Another impressive feature of the Acropolis is the Odeon of Herodes theater. One of the better views is the one from the top when walking up to the Partenon and looking down into the theater. It’s rather remarkable that it is almost 2000 years old and still in use after the restorations.
One should definitely take the time to walk around the Plaka, Monastiraki and Syntagma areas on the north side of the Acropolis. This is the Athens with its original character, full of winding little streets and alleys. Each has a multitude of souvenir, arts and crafts shops and they are dotted with terraces where you can take a rest with a drink or be tempted to taste Greek gastronomic food for lunch as well as dinner. In my opinion the best view of the Acropolis is from the Monastiraki square, and even better from one of the rooftop cafes on the square.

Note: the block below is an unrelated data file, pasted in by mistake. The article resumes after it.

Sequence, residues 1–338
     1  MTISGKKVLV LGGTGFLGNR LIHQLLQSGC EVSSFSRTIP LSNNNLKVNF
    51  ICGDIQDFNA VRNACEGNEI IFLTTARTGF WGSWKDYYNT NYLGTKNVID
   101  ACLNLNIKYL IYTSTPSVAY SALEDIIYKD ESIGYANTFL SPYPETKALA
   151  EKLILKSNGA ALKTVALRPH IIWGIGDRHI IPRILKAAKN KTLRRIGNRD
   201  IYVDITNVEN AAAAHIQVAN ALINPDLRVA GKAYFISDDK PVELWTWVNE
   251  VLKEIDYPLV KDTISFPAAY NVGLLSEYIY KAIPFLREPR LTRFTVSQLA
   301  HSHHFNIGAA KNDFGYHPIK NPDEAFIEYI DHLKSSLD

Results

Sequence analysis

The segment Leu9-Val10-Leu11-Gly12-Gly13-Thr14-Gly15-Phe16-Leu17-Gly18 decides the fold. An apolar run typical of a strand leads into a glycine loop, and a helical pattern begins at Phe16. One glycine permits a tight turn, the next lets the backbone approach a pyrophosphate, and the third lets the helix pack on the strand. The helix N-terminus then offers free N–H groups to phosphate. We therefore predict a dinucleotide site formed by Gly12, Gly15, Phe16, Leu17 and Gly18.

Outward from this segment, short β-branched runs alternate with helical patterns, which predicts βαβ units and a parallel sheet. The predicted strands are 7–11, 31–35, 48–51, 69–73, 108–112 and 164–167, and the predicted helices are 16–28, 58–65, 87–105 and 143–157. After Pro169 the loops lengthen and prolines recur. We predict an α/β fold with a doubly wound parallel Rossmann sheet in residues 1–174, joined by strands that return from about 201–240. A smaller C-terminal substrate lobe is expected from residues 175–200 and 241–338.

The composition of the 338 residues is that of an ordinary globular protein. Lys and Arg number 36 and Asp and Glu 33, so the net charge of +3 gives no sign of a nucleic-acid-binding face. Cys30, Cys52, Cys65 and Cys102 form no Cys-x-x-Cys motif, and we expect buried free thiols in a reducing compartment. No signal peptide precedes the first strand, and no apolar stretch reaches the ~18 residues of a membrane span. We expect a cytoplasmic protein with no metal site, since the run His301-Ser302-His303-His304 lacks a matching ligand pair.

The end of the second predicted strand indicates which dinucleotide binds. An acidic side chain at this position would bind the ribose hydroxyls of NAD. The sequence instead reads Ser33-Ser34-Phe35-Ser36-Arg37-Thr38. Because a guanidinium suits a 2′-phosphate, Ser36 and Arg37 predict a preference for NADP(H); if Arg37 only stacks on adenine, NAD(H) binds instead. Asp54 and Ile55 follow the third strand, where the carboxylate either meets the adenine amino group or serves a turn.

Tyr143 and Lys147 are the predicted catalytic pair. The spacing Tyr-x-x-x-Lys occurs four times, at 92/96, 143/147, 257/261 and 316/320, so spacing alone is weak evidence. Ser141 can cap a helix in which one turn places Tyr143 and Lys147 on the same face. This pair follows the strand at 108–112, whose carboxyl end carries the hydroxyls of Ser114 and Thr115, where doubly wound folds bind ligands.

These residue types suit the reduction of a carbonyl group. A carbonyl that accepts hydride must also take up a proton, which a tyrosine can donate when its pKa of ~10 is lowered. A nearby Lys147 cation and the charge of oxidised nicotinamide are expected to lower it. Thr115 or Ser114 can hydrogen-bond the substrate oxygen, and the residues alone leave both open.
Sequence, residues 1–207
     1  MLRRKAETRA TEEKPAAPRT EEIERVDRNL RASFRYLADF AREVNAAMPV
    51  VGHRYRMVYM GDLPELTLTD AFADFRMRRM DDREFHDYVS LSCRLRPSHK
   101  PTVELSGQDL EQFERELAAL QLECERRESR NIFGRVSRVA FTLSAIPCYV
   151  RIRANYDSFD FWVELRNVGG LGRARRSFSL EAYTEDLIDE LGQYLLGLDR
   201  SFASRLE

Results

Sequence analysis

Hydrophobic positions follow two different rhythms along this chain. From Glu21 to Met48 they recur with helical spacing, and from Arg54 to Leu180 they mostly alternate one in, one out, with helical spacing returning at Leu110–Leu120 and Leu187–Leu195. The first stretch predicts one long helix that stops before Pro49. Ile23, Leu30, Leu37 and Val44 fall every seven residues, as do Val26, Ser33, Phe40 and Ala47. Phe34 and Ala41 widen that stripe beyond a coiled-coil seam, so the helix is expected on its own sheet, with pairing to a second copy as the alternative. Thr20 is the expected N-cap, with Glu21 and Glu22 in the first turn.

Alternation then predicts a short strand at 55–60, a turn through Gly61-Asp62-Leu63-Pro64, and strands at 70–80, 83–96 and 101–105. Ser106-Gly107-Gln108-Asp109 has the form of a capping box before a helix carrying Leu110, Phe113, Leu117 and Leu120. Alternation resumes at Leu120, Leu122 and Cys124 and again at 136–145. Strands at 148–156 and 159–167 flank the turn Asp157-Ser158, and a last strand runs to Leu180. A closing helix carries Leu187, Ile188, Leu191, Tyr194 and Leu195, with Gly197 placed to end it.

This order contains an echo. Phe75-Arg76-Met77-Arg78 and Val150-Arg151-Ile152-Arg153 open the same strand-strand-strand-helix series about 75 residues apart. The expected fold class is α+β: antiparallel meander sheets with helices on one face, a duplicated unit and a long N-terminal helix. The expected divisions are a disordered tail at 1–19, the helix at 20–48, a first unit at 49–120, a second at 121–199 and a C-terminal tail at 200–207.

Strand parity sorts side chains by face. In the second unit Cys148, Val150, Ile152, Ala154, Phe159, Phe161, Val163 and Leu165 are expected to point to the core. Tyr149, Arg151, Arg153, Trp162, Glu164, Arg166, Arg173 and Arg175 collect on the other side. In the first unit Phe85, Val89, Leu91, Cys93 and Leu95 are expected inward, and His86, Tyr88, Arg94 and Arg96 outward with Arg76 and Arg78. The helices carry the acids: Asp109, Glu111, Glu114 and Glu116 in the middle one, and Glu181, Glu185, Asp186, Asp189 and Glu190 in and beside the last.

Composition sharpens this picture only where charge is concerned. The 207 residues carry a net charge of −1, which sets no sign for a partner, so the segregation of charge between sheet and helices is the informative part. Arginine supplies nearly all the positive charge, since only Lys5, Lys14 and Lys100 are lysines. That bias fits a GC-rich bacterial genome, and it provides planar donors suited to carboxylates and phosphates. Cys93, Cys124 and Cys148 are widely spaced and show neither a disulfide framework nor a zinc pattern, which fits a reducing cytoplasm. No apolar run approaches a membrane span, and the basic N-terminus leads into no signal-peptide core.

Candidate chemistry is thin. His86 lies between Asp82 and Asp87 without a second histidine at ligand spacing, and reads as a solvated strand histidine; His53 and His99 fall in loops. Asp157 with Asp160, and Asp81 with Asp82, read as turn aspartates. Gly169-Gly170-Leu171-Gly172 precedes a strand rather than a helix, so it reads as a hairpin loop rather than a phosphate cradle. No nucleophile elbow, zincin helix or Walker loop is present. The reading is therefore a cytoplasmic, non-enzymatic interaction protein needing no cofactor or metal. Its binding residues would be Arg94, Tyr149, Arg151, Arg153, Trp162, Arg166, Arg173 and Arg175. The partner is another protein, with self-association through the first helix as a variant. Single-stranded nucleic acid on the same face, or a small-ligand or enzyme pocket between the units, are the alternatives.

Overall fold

The few tall and large columns left standing at the grounds of the Temple of Olympian Zeus are testimony to how impressive a site and the magnificence of the buildings during its heydays. Sadly, history has not left much of it in place. The grounds are nevertheless beautiful and worthy of a stroll.
A visit to Athens would not be complete without a visit to the Panathenaic stadium which was originally built in the 4th century BC to host the Panathenaic athletic games. After restoration in 1895 the stadium was the setting for the re-birth of the Olympic games created by the French baron de Coubertin in 1896.
The changing of the honor guard at the Tomb of the Unknown Soldier in front of the Parliament building at Syntagma should not be missed. It’s performed by the evzones, the presidential honor guard. Their uniform consists of short kilts and pom-pom shoes based on the clothes used by the klepths who were the mountain fighters in the war of independence.